Malians can at least breathe air of relief that their country is free from hardliner Islamic Jihadists, but Boko Haram must be tackled to flush out other fleeing militants, as France withdraws its troops.
With the Nigerian group believed to be linked with Al Qaeda, there is no way; Nigeria should be left alone to fight and win a war against these militants. Boko Haram insurgents have carried countless attacks in Northern Nigeria, kidnapped foreigners and have caused the death of about 2000 – both Christians and Muslims. After the success of the campaign in Mali led by the French, there is severe need for another super power to take the bold step and back Nigeria.
The cost of planning another tactical campaign tailored for Nigeria is evidently going to be huge. However, with the local people being terrorised nearly daily, and the Nigeria military struggling to overpower or curtail the insurgency that has already spilt over to Northern Cameroon there is no time to think twice. The longer it takes to come out with an initiative for an international campaign against Boko Haram, the wilder the group would become and the more complicated it shall be to stop them overthrowing even the government in Abuja.
Amnesty a mistake
Granting an amnesty to Boko Haram leaders as proposed by some Nigerian top decision makers would be like watching a fish in the same pond which it has been caught. The amnesty would not only be considered as a flaw on the part of President Goodluck Jonathan, but fuel for further atrocities and killings. Granting amnesty to Boko Haram would be like telling its sponsor that they are doing a great job and should continue to provide more arms and targets to be destroyed.
If the 2009 amnesty granted by late President Musa Yar Adua worked to an extend with the groups of insurgents operating in the Delta region, there is no guarantee that another amnesty would convince Boko Haram to abandon its unorthodox ambitions of attacking Christian and foreigners and imposing the practice of Sharia laws on the people. With many lives lost so far and lots of enemies and hatred created, giving amnesty would be asking the hunted to attack the hunter.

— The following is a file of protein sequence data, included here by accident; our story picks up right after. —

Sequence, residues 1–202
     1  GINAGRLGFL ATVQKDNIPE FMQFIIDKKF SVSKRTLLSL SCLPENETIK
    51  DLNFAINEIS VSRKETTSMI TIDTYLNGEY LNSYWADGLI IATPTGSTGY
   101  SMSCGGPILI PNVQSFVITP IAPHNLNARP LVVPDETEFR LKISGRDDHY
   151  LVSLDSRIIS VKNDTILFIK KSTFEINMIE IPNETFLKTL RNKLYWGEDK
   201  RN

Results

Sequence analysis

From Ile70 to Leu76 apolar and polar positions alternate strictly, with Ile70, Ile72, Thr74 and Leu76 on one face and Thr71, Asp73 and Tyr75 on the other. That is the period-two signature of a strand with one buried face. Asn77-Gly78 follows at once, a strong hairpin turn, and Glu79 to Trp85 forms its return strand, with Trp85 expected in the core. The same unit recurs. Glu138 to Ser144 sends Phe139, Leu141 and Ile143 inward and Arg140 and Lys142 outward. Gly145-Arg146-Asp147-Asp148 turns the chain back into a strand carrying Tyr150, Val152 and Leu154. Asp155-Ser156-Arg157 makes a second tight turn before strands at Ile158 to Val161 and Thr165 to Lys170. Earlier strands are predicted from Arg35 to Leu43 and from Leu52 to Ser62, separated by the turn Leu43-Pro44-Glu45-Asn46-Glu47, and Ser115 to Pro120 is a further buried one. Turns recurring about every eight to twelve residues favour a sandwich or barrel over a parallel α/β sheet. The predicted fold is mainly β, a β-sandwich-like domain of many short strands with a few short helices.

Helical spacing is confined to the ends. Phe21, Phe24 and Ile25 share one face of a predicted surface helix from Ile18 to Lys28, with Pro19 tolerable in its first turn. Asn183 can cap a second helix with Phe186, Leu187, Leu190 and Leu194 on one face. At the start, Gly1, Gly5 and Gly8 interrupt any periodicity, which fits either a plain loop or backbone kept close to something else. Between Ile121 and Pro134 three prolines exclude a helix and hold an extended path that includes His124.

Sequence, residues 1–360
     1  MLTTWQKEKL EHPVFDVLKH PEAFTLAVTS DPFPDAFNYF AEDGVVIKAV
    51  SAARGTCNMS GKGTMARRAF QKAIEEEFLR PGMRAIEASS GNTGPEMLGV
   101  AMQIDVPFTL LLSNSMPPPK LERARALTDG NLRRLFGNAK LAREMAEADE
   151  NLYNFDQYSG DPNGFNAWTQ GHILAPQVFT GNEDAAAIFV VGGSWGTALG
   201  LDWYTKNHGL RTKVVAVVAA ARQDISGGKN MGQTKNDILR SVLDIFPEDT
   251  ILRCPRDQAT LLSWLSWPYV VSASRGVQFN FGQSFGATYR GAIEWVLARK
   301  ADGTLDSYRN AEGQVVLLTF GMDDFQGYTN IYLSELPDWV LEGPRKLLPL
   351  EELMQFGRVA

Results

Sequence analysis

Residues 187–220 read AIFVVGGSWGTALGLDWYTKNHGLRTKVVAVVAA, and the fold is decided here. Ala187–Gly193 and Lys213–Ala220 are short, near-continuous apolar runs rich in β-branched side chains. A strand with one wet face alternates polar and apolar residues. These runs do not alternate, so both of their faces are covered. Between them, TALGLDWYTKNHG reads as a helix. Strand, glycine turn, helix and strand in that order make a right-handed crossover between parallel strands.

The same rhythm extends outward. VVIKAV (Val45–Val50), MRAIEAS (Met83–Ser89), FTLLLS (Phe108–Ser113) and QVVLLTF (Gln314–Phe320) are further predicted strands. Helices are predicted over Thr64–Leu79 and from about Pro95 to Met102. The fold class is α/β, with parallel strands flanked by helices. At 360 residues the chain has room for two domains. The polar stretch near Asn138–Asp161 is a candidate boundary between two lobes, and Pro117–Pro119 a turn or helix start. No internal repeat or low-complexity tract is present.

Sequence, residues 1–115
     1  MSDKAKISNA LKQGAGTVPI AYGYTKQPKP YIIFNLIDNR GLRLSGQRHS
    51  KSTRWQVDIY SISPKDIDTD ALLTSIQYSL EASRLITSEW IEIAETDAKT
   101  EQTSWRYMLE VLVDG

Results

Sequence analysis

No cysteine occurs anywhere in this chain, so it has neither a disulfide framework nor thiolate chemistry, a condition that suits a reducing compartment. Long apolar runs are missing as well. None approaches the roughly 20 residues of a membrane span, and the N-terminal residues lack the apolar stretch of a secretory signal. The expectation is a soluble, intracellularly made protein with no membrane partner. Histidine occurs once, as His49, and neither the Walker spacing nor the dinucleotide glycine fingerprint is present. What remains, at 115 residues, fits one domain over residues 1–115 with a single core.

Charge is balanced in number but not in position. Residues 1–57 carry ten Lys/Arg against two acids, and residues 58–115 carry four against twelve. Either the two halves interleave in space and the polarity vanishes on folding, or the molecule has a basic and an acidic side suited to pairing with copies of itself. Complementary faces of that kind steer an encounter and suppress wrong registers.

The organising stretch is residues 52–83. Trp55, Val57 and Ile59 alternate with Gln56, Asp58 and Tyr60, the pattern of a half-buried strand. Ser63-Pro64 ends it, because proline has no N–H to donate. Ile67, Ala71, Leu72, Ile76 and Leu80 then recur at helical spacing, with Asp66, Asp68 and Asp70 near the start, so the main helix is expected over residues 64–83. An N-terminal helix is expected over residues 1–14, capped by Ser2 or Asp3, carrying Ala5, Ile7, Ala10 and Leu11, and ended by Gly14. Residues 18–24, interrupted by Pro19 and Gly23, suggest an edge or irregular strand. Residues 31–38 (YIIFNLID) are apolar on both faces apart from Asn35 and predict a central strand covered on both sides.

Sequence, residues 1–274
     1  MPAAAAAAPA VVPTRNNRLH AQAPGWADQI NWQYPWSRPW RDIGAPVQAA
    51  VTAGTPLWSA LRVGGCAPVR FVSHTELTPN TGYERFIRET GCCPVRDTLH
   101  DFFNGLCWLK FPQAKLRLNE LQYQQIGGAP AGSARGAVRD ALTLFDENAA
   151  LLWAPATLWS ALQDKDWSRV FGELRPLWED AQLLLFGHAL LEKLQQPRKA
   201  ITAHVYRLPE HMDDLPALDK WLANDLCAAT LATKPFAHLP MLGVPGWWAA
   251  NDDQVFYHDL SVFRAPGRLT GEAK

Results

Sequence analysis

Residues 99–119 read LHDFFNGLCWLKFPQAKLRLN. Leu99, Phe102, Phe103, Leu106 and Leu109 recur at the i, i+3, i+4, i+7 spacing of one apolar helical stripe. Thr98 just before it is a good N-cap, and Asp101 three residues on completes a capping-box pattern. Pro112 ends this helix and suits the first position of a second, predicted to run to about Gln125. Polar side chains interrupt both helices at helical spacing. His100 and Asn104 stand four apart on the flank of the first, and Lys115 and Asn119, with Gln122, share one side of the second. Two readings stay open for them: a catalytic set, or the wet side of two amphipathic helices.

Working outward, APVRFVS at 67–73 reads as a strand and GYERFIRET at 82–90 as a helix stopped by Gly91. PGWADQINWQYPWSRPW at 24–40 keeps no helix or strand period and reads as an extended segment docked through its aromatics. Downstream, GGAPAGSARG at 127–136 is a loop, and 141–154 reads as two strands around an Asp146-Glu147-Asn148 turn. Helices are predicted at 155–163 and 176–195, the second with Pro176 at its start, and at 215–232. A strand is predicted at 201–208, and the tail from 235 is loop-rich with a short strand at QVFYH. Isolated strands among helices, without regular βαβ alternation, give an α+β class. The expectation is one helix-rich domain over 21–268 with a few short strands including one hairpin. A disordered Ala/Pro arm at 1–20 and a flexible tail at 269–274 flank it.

Winning a war against any insurgent group means you first need to understand how the insurgency is set up and operates. Like the theory of Taliban, it is difficult to identify or distinguish who is a Taliban from the local people. In another case a person can be seen during the day as a hard working farmer but would metamorphose into an insurgent in the night. This is not weird, since the insurgents live, interact and operate within the local populations. This also explains why civilians or local people are often the first victim in any organised operation to track down insurgents.
The people know who these insurgents are, but for fear of intimidation, kidnapping or even dead they would prefer to be tongue-tied. Boko Haram is equally another Taliban. Operating within the population of Northern Nigeria, especially in Maiduguri, where the heaviest casualties and destruction have taken place, they have managed to carry out calculated attacks even in the capital city, Abuja. Like any other insurgent group it operates a very intricate network as it militants can rapidly organise and spring up attack and vamoose unseen or captured.
Not Mission impossible
Insurgency can be defeated or thwarted, thus waging a war against Boko Haram and winning it, is not impossible. Nigeria has the forces, finances and logistics, but might be lacking the technique and approach. Nigerian military has stood tall in most operations across Africa, although it mission to Somalia almost two decades was disastrous. Even with its own crisis at home, Nigerian troops are currently on a peacekeeping mission in Mali. If Nigerian troops can help the deposed leader of Sao Tome & Principe reinstated, they can equally fight Boko Haram. Therefore, with a technical support from either Britain or the United States, Boko Haram can be crushed just like the Islamic Jihadists in the northern desert of Mali. African forces should not be left out. The success of the French in Mali was largely thanks to the relentless efforts of the Chadian forces. Niger, Chad and Cameroon probably the havens for any fleeing militant from Nigeria should also join in the fight.
On a global scale, if the war against terrorism must succeed, the insurgency in northern Nigeria must also be every country’s concern. The French family of seven kidnapped from North Cameroon is still in the hands of this insurgents. Therefore, granting amnesty to them is giving them the green light to increase the ransom demanded or execute the captives at no mercy. Nigerian army has been fighting; is still fighting; and will continue to fight for long. Civilians as usual have suffered the greatest casualties and would still suffer unless Boko Haram is defeated.